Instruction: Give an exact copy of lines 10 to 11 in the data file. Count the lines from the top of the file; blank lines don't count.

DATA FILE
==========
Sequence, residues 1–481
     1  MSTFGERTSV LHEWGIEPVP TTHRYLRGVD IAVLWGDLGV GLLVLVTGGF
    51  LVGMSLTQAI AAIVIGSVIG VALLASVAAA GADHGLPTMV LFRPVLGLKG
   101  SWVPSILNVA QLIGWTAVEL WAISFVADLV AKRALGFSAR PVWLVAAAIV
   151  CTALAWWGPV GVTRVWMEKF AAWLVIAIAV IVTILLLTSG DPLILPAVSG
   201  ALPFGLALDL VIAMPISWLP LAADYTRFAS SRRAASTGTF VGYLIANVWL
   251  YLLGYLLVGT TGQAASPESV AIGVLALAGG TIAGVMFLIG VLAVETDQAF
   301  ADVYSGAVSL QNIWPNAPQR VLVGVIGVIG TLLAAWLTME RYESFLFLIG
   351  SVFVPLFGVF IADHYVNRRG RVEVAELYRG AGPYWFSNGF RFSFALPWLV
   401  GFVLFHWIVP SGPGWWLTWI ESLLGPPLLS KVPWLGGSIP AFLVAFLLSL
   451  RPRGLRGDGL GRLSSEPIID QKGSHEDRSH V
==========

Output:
   401  GFVLFHWIVP SGPGWWLTWI ESLLGPPLLS KVPWLGGSIP AFLVAFLLSL
   451  RPRGLRGDGL GRLSSEPIID QKGSHEDRSH V